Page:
At this point, focus on what’s missing. The only things your marketing plan should cover are the elements that are truly missing to achieve your goal – the rest are just nice to have. The best CEOs out there will agree that this is what you should focus on.

Quick note: This is where you must promise yourself brutal honesty. Many of us (and yours truly included) will  explain why they need to sell to more audiences and niches than to what will serve their northern star (the big goal). Or,  why it’s important to serve all funnel stages “to keep the machine going” even if we really need to focus on turning opportunities to deals. We are our worst enemy when it comes to focus. FOMO is a trend that very few miss out on. That is why the stories we tell ourselves should always be questioned. 

Stage 5: Align with your audience

This stage ensures that all of the previous stages were really done right, a bit like SWAT or other auditing tools. I like to use a tool that I developed called the “Alignment Map.” Basically, the point is to make sure that your company values and targets really align with the potential customer you want to land. Every company should have their values set. Make sure to map your customers values and find the connecting thread. Use it in your language. Make sure your language covers the 4 elements of alignment: Actions, words, Add it to the value proposition and to your marketing collateral. 


People don’t buy your product—they buy what it does for them. 

People don’t buy what you do they buy why you do it (Simon Sinek).

In case there are several similar products in the market, our audience will probably buy from the company they connect with most. If you know what the connection point is with your customers, you’re already halfway there. If not – that’s what you should you focus on. 

Aligning with your audience on all four elements will make sure that whoever you engage with will “feel at home”. No matter what their dominant decision making element is: words, feelings and belief, knowledge or actions.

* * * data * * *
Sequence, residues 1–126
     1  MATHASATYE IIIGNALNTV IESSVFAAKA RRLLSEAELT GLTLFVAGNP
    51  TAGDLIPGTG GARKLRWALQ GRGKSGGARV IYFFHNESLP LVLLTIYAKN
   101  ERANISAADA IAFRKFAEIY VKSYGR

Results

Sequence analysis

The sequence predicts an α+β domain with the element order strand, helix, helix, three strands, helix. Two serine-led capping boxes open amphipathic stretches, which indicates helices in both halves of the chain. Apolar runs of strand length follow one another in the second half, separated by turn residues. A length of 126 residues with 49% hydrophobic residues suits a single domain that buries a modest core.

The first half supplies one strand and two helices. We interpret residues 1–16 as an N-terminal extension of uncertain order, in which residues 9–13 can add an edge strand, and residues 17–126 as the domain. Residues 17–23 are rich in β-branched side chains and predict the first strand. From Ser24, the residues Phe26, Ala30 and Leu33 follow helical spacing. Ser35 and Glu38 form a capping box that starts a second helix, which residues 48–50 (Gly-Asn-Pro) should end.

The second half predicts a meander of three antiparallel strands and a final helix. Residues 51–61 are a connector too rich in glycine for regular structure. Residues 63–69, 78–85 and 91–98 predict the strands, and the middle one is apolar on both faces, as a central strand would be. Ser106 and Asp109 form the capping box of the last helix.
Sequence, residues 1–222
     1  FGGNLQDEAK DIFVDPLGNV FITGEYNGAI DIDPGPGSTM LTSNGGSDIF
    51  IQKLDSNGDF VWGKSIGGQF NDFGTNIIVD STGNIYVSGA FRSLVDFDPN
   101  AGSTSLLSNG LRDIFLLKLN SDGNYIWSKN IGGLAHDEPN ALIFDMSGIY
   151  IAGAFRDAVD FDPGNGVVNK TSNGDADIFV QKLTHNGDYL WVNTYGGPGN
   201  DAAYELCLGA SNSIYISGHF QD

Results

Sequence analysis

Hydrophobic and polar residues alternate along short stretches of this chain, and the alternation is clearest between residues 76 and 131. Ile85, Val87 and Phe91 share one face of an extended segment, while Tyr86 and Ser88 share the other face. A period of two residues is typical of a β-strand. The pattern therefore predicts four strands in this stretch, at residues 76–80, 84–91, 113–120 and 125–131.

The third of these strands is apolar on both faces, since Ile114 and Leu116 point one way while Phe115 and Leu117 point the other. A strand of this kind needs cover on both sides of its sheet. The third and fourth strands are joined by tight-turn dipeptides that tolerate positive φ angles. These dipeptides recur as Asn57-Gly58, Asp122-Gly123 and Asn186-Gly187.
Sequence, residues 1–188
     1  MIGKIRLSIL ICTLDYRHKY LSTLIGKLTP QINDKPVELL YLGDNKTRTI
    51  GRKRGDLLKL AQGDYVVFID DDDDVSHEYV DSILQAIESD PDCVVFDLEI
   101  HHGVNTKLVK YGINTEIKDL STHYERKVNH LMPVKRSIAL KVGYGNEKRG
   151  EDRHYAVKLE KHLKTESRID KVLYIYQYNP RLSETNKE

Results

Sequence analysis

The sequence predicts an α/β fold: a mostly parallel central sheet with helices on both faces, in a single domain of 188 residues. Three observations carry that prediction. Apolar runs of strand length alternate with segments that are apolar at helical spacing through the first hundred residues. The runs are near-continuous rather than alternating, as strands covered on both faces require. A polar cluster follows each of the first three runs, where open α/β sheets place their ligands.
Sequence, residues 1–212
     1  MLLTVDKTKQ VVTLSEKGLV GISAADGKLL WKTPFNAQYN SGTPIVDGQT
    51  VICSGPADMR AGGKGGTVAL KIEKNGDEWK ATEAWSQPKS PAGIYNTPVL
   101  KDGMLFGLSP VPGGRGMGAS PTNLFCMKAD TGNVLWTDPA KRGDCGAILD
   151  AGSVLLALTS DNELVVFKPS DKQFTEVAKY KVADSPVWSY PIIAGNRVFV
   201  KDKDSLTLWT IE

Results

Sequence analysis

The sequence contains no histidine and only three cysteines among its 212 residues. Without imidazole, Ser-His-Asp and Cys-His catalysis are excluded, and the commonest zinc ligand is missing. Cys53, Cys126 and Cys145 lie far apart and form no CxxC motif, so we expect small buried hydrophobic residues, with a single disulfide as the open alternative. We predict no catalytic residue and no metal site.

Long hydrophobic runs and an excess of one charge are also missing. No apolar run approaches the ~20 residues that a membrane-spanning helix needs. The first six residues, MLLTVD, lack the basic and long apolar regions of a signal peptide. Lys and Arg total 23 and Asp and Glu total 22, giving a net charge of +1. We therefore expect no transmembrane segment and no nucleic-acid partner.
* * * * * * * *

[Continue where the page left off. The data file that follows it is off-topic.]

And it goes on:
Stage 6: Build your story and unique language. 

If you haven’t done so yet, this stage is now critical. What is the extraordinary story that you’re trying to tell? What is your company’s language, what are its values? A story will help your customers understand their world better and realize that you’re giving them the solution they want to their challenges. 

A good story intertwines in every title you have on your digital assets and decks. And moreover, it connects the denominators of your brand and your audiences language. Add in continuity to stay on top of mind and lots of examples to prove your story and you have yourself a brand.

Building your marketing strategy and plan: Get started!

As you’ve seen, creating an amazing marketing strategy and plan doesn’t always mean a huge investment of time and resources—it’s about attention, accuracy and planning. Only after you have all of your cards in place is it time to dive into the creative part. That’s a big mistake that companies and marketing agencies make, they sometimes start with the creative solution before they know where you, the customer is going. 

So, get out a big sheet of paper and write it all down, everything you want to convey to your customers. Break down your funnel, map your customer journey. And, at every stage, think about how you’re going to do to convey the message in a way that is aligned with your audience. 

It’s easier than it looks if you’re asking the right questions.

Not sure which is right for you?